Juliet Angus: The Most Stylish Lady of London
Blogger, mother, and reality star Juliet Angus is no stranger to the fashion industry. When she’s not filming Bravo TV’s Ladies of London, she’s sitting front row at London Fashion Week, vacationing with bestie Lindsay Lohan, and hanging with fashion icons such as Victoria Beckham. A Chicago native, Juliet previously lived and worked in both Los Angeles and New York City, allowing her to garner an inner circle composed of today’s A-list. Besides clinking glasses with the elite, Juliet also enjoys spending time with her husband, Gregor Angus, their children, Georgina and Truman, and their King Charles Cavalier, Lady Peanut Butter. Her family is the biggest support system behind her lifestyle blog, which focuses mostly on fashion, beauty, travel, and her life living in England. During my vacation in London, Juliet made reservations for us at a local cafe called “Harry’s Dolce Vita” so we could sit down and talk more about her styling tips, favorite trend of the moment, and advice for how you, too, can make a name for yourself in the field of fashion.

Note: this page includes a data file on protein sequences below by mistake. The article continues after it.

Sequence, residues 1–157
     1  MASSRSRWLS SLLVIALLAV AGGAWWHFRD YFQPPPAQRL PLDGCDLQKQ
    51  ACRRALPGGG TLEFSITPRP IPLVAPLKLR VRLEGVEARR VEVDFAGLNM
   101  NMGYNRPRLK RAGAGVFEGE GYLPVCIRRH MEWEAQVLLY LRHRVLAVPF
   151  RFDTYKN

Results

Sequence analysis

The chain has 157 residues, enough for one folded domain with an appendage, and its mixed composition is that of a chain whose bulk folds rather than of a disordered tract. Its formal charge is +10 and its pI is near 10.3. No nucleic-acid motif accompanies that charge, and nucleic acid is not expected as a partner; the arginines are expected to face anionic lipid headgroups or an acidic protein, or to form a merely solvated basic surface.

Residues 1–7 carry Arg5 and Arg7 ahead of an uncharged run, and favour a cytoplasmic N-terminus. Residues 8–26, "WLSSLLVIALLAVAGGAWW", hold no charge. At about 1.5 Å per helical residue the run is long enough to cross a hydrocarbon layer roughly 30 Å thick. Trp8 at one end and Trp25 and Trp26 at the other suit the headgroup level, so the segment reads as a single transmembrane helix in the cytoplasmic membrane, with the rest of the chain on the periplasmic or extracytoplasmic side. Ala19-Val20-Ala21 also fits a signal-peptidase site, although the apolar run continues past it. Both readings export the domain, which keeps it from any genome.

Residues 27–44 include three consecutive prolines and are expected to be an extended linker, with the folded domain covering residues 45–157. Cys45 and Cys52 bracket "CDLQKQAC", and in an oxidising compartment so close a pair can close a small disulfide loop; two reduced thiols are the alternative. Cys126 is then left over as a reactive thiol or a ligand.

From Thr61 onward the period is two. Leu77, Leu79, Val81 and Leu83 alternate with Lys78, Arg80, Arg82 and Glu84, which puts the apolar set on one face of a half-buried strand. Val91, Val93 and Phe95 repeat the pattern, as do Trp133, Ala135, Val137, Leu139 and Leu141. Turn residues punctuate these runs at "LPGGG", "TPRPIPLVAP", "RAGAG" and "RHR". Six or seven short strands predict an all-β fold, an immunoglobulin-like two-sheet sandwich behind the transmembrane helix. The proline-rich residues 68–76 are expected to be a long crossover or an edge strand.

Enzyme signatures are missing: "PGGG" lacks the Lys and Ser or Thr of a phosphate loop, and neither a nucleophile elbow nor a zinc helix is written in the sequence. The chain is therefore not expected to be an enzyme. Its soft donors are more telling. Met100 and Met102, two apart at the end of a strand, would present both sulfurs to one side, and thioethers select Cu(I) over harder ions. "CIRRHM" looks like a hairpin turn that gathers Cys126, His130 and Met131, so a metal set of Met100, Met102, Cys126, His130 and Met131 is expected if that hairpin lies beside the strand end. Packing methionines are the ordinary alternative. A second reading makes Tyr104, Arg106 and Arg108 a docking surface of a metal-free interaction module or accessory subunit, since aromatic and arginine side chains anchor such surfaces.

How did you come to be on Ladies of London?
Through a friend of a friend. There was a casting director who previously cast this other show, Made in Chelsea, about young kids living in London. He then approached a girlfriend of mine, Noelle, who referred me. [The casting director] wanted girls that knew each other, especially Americans, and then they cast some British girls. So basically, it was just a casting director trying to find out who the biggest Americans with personalities were in London, and they found me.
Which do you prefer: British or American fashion?
I'm kind of biased. I love my Ralph Lauren, but you know, I wore my Ralph Lauren with the popped collar for my class photo in 9th grade. I think now, my fashion has evolved and I do like clothes that are a little bit more extravagant and fashion-forward. Europe is definitely the place to explore that.
In your eyes, how does British fashion differ from American fashion?
American designers are a little more classic. I think retail influences that because in America, there is a very small market for more extravagant, fashion-forward pieces. It’s almost as if American designers are, I don't know, kind of afraid of that. You know, of the mass. They think about it in the back of their heads, whereas British designers go for it a bit more.